The Office of Sustainability, which was opened in 2009, has plans to finally establish a central location this summer and to hire a new manager.
Ed Becker, the executive director of the Department of Environmental Health and Safety and the interim manager of the Office of Sustainability, said the office hopes to be responsive to students’ wants and needs regarding environmental issues on campus.
“The office is here to create a ‘living laboratory’ for sustainability, where the living laboratory is the campus,” Becker said. “Students can learn about it but they can also have a canvas to try things out.”
He said the office is in the final stages of hiring a new full-time manager to replace Matthew Oden, who was the university’s first full-time sustainability manager. That process should be complete next month.
The office’s has one full-time staff member and three student workers.
Becker said the office’s one other full-time staff member and three student workers work independently, so there is no central location. This summer, however, Becker said the office will move into 3232 Grand, where all members can work in one single designated space.
“It will be kind of a landing spot,” Becker said.
Since the office opened, Becker said the sustainability office has helped coordinate efforts among various campus stakeholders.
“Administrative units have been active for years on energy conservation projects, dining hall improvements, transportation enhancements, housing projects,” Becker said. “However, the beginning of coordinated activities has helped unite individuals working on like projects.”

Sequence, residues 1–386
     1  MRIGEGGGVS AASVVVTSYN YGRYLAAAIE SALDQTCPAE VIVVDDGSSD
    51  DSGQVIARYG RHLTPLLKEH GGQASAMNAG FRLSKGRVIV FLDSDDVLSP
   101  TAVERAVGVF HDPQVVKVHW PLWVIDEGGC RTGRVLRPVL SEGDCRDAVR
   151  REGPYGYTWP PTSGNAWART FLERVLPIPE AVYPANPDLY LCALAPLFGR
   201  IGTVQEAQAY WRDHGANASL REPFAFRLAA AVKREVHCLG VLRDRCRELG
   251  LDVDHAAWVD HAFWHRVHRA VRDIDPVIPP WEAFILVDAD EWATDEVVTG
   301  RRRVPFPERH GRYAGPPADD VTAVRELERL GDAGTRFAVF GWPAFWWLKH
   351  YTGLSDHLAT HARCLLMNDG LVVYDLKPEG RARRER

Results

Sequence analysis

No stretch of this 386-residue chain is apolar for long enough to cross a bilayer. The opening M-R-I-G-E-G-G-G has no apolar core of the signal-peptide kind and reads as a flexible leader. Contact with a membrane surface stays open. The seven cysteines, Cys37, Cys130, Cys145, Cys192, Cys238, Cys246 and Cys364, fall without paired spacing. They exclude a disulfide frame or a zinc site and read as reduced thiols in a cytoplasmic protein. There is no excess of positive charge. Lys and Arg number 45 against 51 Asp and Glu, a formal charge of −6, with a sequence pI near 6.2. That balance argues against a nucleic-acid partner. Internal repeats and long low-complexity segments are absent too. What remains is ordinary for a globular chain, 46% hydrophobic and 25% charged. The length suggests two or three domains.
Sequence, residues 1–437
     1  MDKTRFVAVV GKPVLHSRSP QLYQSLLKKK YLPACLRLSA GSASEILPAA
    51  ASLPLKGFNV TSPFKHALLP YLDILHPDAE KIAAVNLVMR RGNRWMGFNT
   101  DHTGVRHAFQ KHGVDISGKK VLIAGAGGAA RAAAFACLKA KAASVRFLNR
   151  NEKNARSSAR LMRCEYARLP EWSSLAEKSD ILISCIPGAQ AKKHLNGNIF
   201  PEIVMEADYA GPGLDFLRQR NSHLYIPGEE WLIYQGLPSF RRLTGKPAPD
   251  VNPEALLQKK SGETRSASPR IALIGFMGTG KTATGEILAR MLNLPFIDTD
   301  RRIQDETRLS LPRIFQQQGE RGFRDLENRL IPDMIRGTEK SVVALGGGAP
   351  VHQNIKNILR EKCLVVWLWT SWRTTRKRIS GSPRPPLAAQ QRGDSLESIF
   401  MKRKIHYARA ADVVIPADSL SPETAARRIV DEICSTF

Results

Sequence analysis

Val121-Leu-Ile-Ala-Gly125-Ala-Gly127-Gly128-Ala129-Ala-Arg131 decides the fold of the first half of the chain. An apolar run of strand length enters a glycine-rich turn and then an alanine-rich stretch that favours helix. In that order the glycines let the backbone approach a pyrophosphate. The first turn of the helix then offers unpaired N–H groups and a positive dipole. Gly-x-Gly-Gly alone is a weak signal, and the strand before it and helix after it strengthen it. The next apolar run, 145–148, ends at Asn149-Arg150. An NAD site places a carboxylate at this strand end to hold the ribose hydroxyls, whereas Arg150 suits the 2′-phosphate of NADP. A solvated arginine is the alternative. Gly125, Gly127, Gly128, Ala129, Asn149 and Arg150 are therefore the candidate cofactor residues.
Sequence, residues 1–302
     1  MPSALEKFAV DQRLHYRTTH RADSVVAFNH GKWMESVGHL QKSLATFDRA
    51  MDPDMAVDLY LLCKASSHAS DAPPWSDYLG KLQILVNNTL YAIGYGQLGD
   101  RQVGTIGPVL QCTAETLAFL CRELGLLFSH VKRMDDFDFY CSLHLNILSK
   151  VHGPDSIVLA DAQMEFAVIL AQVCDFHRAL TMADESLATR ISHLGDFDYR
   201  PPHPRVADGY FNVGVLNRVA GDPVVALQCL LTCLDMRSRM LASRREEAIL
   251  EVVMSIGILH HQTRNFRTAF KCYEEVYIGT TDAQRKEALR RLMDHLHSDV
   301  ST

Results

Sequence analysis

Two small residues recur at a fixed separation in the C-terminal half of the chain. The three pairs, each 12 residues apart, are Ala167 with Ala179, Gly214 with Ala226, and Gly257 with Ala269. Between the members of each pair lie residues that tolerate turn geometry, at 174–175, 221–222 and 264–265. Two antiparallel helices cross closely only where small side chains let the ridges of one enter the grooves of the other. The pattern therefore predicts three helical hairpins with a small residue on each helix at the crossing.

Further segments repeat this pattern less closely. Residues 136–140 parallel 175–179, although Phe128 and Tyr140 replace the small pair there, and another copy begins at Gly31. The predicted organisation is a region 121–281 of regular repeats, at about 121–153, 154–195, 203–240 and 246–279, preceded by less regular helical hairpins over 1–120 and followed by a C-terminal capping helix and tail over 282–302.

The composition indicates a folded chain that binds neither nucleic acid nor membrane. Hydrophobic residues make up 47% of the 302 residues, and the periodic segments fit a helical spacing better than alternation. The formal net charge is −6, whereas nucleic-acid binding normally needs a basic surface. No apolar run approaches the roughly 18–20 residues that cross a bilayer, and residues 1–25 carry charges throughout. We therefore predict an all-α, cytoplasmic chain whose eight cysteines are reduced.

Becker said the office does this by bringing all the departments together into one forum and enabling each to feed off the others. Before the office was created, every administrative department had its own sustainability initiatives.
“The office really serves as a central hub for coordinating a lot of activities,” Becker said. “It’s a place of information about what each program is doing.”
According to Daniela Arellano, a student worker in the Office of Sustainability, one of the big projects the office has been working on is the online Dashboard. The online tool will be easily accessible for anybody interested in learning where most of USC’s energy consumption comes.
Many on-campus buildings have special equipment that adds up the amount of energy consumed per building every 15 minutes. This information is sent to the Dashboard, which then adds it up for the day separated by each building individual and displays it online.
“If [people] learn something about sustainability or want to see if they can affect behavior in their dormitory, they will have enough information to track their progress,” Becker said.
To access the Dashboard, anyone interested — even those outside the USC community — can email the Office of Sustainability and get the username and password.
Arellano said the office hopes students will be interested in learning which departments are using the most energy.
“With the Dashboard, we hope we can develop a sort of culture to make people aware of what their buildings are using to encourage people to reduce their energy usage,” Arellano said.
Becker said in the coming years, the office hopes to launch a new marketing approach to engage incoming students in sustainability initiatives.
“We hope to make USC more sustainable by integrating everyone’s efforts ranging from student organizations, to what teachers are teaching in the classrooms, to the way a certain department purchases green products,” Arellano said.
Will Goldman, a junior majoring in music, said he would like to see the university continue striving to have the smallest carbon footprint possible.
“They should help us improve our ability to recycle more,” Goldman said. “And I would like to see the use of more recycled materials in the campus center.”